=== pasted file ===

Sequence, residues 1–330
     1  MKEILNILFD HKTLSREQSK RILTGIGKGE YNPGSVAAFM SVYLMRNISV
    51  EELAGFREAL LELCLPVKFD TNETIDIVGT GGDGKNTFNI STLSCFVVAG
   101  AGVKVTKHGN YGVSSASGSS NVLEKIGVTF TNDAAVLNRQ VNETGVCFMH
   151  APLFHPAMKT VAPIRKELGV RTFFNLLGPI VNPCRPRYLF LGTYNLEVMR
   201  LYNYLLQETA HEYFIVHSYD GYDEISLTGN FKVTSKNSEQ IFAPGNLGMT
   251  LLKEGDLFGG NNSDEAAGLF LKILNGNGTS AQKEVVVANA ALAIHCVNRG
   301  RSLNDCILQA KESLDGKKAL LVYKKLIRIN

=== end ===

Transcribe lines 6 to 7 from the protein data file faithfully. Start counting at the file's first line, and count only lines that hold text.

   201  LYNYLLQETA HEYFIVHSYD GYDEISLTGN FKVTSKNSEQ IFAPGNLGMT
   251  LLKEGDLFGG NNSDEAAGLF LKILNGNGTS AQKEVVVANA ALAIHCVNRG